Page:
One possible support for exports is demand from China, which is by far Brazil’s largest export market accounting for more than a quarter of its goods exports.10 After relatively weak growth this year, China’s economy is expected to accelerate next year, which could support demand for Brazilian exports. Historically, more than half of Brazil’s exports to China are crude petroleum and soybeans. Although the prices of these commodities may slip further, China may purchase a larger volume of these goods from Brazil. However, exports of other commodities, such as iron ore, which account for roughly 20% of Brazil’s goods exports to China,11 are unlikely to rebound. China’s rapidly growing property sector required large volumes of steel and iron ore to make it. Unfortunately, China’s property market ran into trouble last year and will no longer act as an engine of economic growth. Other types of infrastructure investments in China could support demand for Brazil’s commodities, but so far, infrastructure investment has been unable to make up for the decline in the property construction market.12 This casts doubt on the narrative that China can offset the coming decline in demand for Brazil’s exports.
Brazil’s fiscal health improved earlier this year. In the 12 months ending in July, the general government primary surplus, which subtracts interest expenses, had grown to 2.5% of GDP.13 Revenue has been relatively strong thanks to high commodity prices and a tightening labor market. Unfortunately, commodity prices are already coming down and a weakening global economy will hit export volumes, lowering revenues from imports. Government spending will also need to drop next year. The fiscal stimulus enacted earlier this year will have to be reversed after elections as the measures were meant to be temporary. Plus, the interest expense on government debt reached 6.3% of GDP in the 12 months ending in July.14 Interest expense could rise further if the central bank is forced to resume its rate hikes. Maintaining a sizable primary surplus will likely be necessary to reduce this lofty interest expense and ultimately free up government revenue for more productive uses.
Governments are not the only ones struggling with their debt burdens. Households spent 27.6% of their incomes servicing debts in May (figure 3). Although this is down slightly from the January peak of 28.5%, it remains well above historical norms. For example, as recently as 2018, the household debt service ratio was 20.8%.15 Fortunately, conditions for households have improved. The unemployment rate dropped to 9.1%, the lowest reading since 2015, and total employment is well above its prepandemic peak.16 As unemployment has come down, wages are beginning to pick up. Even inflation-adjusted average earnings began to rise this year. As a result, consumer confidence has improved, suggesting that real consumer spending could strengthen into the end of the year.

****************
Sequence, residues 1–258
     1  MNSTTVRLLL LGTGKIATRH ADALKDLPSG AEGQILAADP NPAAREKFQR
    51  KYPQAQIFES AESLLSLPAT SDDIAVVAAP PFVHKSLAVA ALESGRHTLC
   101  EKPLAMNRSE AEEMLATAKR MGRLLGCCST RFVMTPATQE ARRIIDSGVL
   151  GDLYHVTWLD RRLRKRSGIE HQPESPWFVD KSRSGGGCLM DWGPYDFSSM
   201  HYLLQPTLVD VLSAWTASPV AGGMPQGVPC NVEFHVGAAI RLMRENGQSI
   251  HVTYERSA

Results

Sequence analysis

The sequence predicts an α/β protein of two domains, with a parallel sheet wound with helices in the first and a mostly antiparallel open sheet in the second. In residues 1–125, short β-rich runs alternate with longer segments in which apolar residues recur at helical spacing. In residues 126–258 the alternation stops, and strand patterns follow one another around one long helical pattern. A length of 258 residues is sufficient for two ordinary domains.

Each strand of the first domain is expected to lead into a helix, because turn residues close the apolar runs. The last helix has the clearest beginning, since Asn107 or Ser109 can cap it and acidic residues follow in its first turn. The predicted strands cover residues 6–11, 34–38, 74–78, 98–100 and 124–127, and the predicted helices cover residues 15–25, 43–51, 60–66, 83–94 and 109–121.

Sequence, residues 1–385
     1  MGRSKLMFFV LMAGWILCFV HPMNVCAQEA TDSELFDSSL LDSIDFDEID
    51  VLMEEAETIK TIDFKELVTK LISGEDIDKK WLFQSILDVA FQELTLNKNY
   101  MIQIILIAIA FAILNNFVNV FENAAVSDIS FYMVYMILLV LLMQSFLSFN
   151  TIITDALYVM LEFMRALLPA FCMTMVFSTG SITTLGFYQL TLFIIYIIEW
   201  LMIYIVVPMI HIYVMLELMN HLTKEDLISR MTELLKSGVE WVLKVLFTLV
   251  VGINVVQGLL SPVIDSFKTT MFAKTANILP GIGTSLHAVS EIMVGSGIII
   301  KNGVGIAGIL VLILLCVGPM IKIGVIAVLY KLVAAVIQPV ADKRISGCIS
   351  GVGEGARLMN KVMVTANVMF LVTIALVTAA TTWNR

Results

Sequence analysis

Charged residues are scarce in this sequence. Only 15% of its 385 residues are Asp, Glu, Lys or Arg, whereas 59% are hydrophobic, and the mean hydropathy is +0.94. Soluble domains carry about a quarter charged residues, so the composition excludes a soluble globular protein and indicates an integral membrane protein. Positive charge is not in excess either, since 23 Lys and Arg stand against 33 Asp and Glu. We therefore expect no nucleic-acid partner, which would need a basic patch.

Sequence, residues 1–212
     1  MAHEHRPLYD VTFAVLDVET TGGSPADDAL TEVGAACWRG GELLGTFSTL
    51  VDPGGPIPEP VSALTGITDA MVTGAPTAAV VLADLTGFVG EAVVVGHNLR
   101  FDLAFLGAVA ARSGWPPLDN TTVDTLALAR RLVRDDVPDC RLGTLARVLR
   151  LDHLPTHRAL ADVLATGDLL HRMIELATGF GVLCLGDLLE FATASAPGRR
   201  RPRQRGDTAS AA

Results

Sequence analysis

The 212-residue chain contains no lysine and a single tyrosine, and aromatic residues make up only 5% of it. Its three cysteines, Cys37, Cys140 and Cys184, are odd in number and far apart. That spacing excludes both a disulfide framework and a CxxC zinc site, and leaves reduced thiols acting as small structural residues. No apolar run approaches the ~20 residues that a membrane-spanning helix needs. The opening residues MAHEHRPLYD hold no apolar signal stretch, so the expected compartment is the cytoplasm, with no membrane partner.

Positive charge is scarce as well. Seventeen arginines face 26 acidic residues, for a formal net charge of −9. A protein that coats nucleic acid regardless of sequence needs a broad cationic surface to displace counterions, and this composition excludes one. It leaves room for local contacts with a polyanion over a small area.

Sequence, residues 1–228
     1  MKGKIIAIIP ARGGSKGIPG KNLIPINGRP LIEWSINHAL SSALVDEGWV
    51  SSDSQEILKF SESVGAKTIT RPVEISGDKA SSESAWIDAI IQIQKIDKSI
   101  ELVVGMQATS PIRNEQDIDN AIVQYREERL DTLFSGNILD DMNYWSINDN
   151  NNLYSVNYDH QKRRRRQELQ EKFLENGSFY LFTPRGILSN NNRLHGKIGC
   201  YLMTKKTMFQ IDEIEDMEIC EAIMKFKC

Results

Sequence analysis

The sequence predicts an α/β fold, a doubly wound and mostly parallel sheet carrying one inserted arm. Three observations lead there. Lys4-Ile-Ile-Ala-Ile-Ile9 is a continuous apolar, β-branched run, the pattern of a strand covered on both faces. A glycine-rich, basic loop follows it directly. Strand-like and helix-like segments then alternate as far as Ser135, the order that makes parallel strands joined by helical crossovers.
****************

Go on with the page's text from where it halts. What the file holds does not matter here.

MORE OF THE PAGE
In closing, with inflation finally waning, Brazil’s economy should be well positioned for stronger real growth. Improvement in the labor market, higher consumer confidence, and a pause in interest rate hikes should support domestic demand. However, the external environment is deteriorating. A global recession would zap exports, which had been an engine of growth since the pandemic hit. Plus, fiscal belt tightening, although necessary, will ultimately restrain GDP growth next year. Government support to the economy will be difficult to come by given the large sum of money it has to spend to service its existing debts.
Trading Economics, “Brazil GDP growth rate,” accessed October 2022.View in Article
Trading Economics, “Brazil interest rate,” accessed October 2022.View in Article
Trading Economics, “Brazil inflation rate,” accessed October 10, 2022.View in Article
Banco Central Do Brasil, Inflation report: Executive summary - September 2022, September 29, 2022.View in Article
Reuters, “Brazil cenbank not focused on monetary easing now, says governor,” September 6, 2022.View in Article
Trading Economics, “Brazil inflation rate,” accessed October 2022.View in Article
Fundacao Getulio Vargas, sourced via Haver Analytics.View in Article
Banco do Brasil, sourced via Haver Analytics.View in Article
Min Desenvolvimento, Industria Comercio, sourced via Haver Analytics.View in Article
OEC, “Brazil,” August 2022.View in Article
Ibid.View in Article
Tom Hancock, “China’s infrastructure boom gets swamped by property woes,” Bloomberg, August 17, 2022.View in Article
Banco Central Do Brasil, “Fiscal statistics,” press release, September 30, 2022.View in Article
Ibid.View in Article
Banco Central do Brasil, sourced via Haver Analytics.View in Article
Caio Belandi, “Unemployment remains in decline and reaches 9.1% in the quarter ended July,” Agencia IBGE Noticias, August 31, 2022.View in Article
Cover image by: Jaime Austin